It’s a party line, a cliché, and the stock response for loyal Labour politicians when asked about the problem with their leader’s appeal: “He has stood up to vested interests”.
This is politics speak for Ed Miliband being a bit of a plucky underdog: he stood up to bankers following revelations about their misconduct, the Murdoch press during the hacking scandal, the energy companies, and, now, to the wealthy engaging in tax avoidance. His move against military intervention in Syria is also often cited – although his 11th-hour withdrawal of support is seen by many as morally shortsighted.
And after days of Miliband hammering away at his message against tax avoidance, even appearing unruffled by the threat of being sued, the Labour party is stalwart in its fight against establishment malpractice. Or at least that’s its message.
The latest development is Ed Balls saying that Labour will extend the “clawback” of bonuses paid to bankers who have since been found guilty of misconduct from seven to ten years. The Tories have dismissed this intervention, saying the Bank of England is already looking into increasing the “clawback” period, but again, as with slamming the tax arrangements of senior Tory donors, Labour wins on message. What will win over the public? A shadow chancellor saying we need to recoup more money from crooked bankers, or the government sneering at such a suggestion?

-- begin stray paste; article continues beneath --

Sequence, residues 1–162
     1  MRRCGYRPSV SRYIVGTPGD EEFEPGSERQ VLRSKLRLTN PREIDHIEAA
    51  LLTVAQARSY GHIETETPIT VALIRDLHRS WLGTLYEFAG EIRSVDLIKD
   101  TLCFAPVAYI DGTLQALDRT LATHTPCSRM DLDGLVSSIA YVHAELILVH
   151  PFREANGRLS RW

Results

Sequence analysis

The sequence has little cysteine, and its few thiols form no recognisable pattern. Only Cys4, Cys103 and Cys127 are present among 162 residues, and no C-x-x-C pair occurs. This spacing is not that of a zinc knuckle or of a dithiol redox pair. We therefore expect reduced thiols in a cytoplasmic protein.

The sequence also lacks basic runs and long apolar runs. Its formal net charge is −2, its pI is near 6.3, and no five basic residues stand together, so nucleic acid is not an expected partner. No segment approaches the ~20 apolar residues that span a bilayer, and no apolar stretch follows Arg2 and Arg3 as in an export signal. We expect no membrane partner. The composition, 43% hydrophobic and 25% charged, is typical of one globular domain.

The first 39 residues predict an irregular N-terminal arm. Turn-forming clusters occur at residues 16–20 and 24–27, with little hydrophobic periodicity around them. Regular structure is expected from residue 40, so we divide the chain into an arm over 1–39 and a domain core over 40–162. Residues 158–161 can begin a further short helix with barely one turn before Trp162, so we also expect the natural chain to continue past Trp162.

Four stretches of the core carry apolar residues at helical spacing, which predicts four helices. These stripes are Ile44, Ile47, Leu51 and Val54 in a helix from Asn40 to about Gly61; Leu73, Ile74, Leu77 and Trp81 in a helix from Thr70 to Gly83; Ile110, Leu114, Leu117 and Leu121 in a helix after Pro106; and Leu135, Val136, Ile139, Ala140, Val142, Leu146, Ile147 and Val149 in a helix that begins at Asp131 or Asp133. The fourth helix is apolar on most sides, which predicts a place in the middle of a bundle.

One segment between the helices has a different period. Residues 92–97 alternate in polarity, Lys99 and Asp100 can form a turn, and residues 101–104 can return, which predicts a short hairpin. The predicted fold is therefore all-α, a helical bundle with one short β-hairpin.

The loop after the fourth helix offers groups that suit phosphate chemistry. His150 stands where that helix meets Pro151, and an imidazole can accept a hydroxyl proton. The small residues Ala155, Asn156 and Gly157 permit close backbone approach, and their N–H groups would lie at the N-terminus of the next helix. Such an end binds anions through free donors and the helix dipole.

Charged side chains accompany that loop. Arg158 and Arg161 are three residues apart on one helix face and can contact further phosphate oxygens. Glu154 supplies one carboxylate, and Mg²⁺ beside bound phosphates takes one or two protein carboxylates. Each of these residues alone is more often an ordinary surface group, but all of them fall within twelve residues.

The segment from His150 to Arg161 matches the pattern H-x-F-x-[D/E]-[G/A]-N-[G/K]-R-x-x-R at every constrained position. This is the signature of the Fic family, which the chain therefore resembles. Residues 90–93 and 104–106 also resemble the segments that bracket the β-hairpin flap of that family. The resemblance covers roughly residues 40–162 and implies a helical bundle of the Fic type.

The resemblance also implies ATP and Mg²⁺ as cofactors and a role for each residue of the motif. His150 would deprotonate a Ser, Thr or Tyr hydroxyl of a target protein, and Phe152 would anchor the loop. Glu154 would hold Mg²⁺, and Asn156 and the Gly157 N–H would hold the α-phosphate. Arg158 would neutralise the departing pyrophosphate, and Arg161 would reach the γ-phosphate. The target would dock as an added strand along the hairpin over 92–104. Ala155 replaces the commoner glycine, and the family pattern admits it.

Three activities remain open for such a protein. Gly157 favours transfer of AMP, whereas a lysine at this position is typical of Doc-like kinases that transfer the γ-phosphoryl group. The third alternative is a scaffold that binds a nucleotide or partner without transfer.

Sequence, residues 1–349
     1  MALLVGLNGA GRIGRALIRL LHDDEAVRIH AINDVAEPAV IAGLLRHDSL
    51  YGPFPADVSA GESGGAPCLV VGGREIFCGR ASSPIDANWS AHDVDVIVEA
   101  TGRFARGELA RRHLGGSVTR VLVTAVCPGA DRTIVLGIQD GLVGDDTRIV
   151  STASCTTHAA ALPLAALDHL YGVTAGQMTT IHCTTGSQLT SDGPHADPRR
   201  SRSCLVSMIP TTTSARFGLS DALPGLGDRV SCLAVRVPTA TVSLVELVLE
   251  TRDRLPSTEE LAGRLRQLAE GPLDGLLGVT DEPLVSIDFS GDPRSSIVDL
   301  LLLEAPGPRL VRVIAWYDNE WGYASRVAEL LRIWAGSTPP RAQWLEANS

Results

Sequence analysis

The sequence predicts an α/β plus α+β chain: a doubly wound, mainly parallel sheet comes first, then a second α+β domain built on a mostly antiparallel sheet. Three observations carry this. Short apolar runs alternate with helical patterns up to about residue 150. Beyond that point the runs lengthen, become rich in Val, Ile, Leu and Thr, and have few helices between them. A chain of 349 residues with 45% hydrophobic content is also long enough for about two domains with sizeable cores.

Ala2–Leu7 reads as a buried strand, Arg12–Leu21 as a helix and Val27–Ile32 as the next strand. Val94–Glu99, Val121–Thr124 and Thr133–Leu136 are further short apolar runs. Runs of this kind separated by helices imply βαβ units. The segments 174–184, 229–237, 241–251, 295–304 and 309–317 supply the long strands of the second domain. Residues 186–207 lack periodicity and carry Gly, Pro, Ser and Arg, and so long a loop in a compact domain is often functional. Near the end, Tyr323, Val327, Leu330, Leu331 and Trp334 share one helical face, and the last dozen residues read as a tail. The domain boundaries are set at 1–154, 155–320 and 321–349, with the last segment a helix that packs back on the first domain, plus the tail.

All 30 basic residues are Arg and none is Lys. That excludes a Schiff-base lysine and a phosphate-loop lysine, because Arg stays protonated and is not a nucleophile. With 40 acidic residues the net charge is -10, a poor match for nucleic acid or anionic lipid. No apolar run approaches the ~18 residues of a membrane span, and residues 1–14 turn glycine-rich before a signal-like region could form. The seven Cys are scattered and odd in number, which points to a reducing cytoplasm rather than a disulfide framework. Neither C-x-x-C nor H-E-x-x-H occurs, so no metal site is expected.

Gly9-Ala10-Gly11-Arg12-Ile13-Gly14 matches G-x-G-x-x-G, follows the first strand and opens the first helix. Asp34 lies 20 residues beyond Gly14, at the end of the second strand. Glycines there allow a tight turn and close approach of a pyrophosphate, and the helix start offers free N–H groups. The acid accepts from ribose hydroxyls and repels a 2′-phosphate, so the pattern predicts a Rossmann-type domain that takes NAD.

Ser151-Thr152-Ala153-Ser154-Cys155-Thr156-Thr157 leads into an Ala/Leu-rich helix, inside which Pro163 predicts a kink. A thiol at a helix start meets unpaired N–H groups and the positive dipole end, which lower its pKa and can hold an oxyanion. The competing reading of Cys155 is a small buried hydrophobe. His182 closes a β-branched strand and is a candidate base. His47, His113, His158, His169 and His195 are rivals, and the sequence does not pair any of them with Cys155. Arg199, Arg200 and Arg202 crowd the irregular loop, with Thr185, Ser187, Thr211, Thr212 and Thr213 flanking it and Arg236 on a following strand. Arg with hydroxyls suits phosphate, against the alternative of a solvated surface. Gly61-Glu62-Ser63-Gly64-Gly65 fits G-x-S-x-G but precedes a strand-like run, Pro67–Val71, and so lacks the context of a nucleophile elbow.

It’s a popular and populist message, just as Miliband has been gaining political capital from exacerbating the Tories’ toxic reputation as a party of the rich through his tax avoidance accusations. So maybe Labour’s loyalists have been right all along when they talk about Miliband standing up to the man, even if their man hasn’t been seen to make a particular success of standing up for the party.